It’s the time of the year when we condescend to each other. At the holiday we all gather together with our families, and for most of us, that probably means getting together with some loved ones who hold beliefs that make you do a spit take, even when you’re not drinking anything.
Some people rectify this paradox, loving someone who supports something indefensible (Trump, Hillary… Belichick), by being openly hostile to the family members of a different political hue. If you’re of this school of thought, bless you for your consistency, but yikes; I can’t hate my racist grandma, Baba Oh, and I’m not going to change her mind, so let’s just try and enjoy what time she has left.
Others have taken the odd route of trying to “learn to talk” to their crazy relatives. This is a politically inspired version of condescension where you go to your party of choice’s website for talking points shaped to fit your brand of family crazy. “Uncle Todd, it’s not that I think you’re a racist, it’s just your views on the Syrian refugee crisis are somewhat similar to this guy Hitler’s. Have you heard of Hitler?” It’s not that this method won’t work, it’s just… sorry, I was trying to reform it in a way that would fit your method, but that method doesn’t work. So no, it won’t work, and it will piss them off and ruin dinner.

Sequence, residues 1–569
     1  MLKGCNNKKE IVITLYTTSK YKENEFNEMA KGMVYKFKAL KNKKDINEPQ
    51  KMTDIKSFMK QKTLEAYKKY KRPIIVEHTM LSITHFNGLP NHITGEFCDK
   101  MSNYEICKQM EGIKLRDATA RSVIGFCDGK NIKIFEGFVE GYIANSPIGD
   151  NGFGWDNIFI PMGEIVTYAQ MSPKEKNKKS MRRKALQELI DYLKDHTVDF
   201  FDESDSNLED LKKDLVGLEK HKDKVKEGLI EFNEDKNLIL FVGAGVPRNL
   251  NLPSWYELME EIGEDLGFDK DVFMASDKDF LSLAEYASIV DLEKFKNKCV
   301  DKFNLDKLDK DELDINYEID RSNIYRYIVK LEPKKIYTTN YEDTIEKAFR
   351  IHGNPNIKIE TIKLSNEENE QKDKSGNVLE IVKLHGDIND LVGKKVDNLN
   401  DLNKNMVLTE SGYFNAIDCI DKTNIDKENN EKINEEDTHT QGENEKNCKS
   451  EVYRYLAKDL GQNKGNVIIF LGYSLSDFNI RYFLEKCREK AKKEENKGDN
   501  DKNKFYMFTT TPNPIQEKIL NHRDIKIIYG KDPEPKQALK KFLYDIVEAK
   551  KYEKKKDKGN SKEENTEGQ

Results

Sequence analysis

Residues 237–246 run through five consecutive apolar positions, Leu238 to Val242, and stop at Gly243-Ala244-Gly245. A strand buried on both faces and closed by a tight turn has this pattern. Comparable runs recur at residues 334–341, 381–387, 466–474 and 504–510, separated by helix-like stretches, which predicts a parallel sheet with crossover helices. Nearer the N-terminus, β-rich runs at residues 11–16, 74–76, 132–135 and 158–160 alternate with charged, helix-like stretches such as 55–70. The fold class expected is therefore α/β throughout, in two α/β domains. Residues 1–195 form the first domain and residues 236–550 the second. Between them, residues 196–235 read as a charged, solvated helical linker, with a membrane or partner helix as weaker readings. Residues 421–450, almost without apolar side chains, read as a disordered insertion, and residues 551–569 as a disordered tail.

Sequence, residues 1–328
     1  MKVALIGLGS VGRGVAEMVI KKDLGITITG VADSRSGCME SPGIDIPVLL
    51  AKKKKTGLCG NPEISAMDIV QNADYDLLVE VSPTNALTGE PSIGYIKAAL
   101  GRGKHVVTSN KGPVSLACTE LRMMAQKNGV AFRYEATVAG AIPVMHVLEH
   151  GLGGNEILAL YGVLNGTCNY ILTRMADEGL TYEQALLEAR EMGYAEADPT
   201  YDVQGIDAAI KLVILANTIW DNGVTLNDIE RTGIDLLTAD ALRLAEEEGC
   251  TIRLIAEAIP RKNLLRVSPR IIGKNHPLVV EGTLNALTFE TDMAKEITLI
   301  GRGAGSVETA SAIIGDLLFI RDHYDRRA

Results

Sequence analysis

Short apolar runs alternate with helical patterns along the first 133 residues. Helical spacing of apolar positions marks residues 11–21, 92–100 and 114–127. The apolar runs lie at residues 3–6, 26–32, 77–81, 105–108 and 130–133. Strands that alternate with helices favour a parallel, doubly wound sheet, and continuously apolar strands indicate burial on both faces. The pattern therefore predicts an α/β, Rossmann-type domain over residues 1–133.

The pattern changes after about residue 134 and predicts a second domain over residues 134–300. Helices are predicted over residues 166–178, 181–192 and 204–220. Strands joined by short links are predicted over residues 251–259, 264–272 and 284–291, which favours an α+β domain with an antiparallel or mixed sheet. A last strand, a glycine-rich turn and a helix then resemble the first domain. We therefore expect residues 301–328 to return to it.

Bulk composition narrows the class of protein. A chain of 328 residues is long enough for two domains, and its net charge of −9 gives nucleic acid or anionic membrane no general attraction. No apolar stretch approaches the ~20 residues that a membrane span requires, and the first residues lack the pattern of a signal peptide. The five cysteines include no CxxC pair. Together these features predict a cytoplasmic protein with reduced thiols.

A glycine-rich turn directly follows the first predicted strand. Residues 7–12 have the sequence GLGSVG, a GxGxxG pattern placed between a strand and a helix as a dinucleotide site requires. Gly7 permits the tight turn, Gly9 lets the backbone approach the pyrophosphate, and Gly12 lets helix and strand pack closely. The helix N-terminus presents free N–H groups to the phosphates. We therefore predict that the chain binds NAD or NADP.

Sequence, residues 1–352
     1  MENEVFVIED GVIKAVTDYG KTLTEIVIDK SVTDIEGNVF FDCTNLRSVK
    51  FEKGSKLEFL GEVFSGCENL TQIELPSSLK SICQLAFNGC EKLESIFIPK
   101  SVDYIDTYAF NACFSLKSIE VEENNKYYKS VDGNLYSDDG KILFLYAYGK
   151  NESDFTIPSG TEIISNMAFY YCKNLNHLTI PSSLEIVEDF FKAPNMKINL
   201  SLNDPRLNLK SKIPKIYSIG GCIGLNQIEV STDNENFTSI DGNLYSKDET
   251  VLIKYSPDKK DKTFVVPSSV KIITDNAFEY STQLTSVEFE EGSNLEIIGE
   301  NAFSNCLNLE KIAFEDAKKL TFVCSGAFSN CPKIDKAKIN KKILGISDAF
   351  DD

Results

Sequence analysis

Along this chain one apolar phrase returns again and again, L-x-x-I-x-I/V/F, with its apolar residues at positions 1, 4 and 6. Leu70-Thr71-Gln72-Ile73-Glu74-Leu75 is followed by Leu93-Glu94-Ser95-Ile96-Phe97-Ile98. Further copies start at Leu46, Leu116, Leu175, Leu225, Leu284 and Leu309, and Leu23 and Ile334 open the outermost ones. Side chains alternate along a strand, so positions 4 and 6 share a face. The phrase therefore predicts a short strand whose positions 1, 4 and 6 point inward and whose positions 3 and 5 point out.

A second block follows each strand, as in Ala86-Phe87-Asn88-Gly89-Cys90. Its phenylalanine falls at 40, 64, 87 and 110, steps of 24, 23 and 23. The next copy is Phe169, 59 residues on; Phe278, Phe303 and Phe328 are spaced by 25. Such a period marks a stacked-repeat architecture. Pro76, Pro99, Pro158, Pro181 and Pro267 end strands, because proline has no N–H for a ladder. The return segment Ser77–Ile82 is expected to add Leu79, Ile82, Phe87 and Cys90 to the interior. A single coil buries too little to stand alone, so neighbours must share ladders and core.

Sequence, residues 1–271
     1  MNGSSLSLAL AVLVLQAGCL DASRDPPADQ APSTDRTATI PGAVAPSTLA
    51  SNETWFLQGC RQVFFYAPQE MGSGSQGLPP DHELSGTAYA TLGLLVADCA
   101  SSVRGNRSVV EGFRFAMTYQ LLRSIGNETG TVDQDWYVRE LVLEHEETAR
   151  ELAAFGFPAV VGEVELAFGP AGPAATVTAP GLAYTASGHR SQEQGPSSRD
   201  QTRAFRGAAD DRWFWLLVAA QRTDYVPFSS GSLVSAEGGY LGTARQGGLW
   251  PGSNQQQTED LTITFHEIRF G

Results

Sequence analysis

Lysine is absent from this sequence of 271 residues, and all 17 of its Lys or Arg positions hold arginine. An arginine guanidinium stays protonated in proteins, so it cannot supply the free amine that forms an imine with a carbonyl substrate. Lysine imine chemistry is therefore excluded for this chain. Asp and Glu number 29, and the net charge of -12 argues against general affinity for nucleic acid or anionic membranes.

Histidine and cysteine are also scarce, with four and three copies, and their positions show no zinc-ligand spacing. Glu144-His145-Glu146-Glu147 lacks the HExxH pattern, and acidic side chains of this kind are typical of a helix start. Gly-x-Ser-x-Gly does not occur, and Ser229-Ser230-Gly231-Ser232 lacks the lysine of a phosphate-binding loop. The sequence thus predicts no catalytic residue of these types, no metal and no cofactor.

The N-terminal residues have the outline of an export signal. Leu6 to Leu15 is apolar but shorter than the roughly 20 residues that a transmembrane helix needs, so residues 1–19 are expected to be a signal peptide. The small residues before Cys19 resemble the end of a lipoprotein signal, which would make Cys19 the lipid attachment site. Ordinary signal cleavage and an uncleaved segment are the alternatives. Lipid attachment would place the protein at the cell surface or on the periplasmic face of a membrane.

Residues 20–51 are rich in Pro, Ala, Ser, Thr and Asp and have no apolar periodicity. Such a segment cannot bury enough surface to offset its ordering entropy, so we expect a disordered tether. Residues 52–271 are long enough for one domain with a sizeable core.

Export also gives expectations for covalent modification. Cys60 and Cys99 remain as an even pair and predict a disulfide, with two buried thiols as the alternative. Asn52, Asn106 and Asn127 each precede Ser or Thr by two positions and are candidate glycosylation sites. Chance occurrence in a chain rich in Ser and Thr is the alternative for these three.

Let me suggest this holiday season that you do the opposite of any of these strategies, which are based on bringing the acrimony of the outside world into your holiday homes, and do the opposite; try and bring the harmony of your holiday table back to Facebook and whatever other place you waste your time yelling into the void. We’re so used to looking at our loved ones through the lens of what we’ve learned on the web, which is that they’re backwards idiots full of hate, that we forget to look at the hateful idiots we meet on the web through the lens of our loved ones. You know in your heart you love these people for reasons beyond their political beliefs. Is it just possible the rest of the world is pretty great, too? So instead of trying to change minds at the dinner table, try bonding and finding out what experiences have brought us to this place where we have such different outlooks on life.
Maybe the ranting loon on that comments page is actually a pretty decent dude with a niece or nephew just like you. And maybe, some disturbing points of view not withstanding, they’re really just pretty decent people who have a different life experience than you. Because if I’m right and they are, the only hope we have for bridging some gaps is to stop treating each other like morons and hate-filled loons.
Or it’s possible I’m wrong and that online commenter is a hate-filled, moronic loon and we’re all doomed. Either way, my method will lead to a more peaceful dinner. Happy holidays, stay truthful.
By Sidney Reilly